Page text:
Islamic terrorists struck a satirical newspaper in France killing a dozen people. The newspaper in question had not been afraid to call describe Islamic terrorists as terrorists, and to comment on their actions, and was probably targeted because of this…they’ve certainly received plenty of threats in the past.
The “Religion of Peace” struck again today against the West, this time in the heart of France, which has more Muslims per capita than any other E.U. nation.
Black-clad gunmen stormed the Paris offices of a satirical newspaper known for lampooning Islamic radicals early Wednesday, killing 12 and injuring as many as 15 before escaping, French officials said..
As many as three Kalashnikov-toting shooters were being sought after the attack at Charlie Hebdo, the newspaper known for challenging Muslim terrorists with a 2011 caricature of Prophet Mohammed on its cover and which recently tweeted a cartoon of Islamic State leader Abu Bakr al-Baghdadi. Two policemen and several journalists were among the dead.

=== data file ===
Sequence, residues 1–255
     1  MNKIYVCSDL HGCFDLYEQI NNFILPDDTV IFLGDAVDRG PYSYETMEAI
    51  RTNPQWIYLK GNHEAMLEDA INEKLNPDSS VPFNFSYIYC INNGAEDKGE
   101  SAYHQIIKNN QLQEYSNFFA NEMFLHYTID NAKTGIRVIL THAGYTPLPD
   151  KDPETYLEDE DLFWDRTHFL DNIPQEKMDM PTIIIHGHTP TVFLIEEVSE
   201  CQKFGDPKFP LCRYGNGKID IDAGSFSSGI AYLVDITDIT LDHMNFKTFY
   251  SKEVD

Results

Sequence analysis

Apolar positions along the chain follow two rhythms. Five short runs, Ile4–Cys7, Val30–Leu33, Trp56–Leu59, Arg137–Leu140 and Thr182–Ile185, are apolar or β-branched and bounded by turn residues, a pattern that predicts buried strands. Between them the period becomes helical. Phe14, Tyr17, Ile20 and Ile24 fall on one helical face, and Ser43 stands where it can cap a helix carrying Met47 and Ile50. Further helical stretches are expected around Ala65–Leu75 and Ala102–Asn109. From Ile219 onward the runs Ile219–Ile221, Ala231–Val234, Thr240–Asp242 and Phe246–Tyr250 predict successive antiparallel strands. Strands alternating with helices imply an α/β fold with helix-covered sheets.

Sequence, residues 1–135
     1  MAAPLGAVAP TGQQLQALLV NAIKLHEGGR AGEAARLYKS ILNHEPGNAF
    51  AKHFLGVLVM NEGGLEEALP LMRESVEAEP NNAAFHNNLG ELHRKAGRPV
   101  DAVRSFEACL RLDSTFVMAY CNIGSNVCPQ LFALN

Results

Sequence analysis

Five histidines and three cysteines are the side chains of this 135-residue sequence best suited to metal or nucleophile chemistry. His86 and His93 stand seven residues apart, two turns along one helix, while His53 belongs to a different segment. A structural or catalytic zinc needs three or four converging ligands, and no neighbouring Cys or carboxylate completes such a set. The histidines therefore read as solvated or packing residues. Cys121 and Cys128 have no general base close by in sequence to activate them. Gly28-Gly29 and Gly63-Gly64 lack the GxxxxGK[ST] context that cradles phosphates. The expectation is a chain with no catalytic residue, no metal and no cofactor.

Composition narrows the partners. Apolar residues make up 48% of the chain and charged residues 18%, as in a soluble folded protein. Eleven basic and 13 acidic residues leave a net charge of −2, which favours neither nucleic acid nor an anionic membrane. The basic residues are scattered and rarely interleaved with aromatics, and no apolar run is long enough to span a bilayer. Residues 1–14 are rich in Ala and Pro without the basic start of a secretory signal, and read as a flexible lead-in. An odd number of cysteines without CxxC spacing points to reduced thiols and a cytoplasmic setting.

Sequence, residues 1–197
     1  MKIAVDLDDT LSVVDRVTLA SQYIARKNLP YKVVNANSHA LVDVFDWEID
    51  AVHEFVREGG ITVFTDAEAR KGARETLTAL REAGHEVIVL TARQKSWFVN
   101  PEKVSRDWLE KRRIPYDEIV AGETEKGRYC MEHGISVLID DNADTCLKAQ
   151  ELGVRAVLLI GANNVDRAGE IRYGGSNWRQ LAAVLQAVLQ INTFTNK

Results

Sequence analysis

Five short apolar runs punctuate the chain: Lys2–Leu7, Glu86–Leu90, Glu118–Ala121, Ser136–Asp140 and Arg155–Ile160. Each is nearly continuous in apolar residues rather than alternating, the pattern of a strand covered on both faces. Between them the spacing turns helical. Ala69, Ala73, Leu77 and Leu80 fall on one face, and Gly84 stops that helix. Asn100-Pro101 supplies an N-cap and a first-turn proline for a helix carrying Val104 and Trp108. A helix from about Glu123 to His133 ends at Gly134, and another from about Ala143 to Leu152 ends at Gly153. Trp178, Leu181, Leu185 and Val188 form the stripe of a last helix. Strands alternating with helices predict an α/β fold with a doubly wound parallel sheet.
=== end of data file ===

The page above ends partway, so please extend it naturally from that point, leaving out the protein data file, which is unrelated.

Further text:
“We’ve avenged the honor of the prophet!” the killers shouted, according to witnesses who spoke to Sky News.
Stunning video shows the gunmen brazenly strolling down a Paris sidestreet with their AK-47s shouting “Allahu Akbar”, opening fire on a policeman, then as he lies on the ground, finishing him off with a head shot.
(h/t Brian Hayes, Top Right News)
Update 10:49am: YouTube have removed the video previously posted here via Top Right News. Dar0s Studios posted a more graphic version of the video on Facebook which is now included below, replacing the previous YouTube video. Thanks to Casey Hendrickson for the link. End Update
Content Warning: graphic uncensored terrorist violence
Amazingly it seems that the reaction from French police was hindered by the fact that many police there choose to not be armed!
Several Paris police officers who came into contact with the armed terrorists who slaughtered 10 journalists at the headquarters of Charlie Hebdo, a satirical magazine, retreated from the gunmen because they were unarmed, according to an eyewitness.
Paris police officers have the option of carrying firearms, though many choose not to.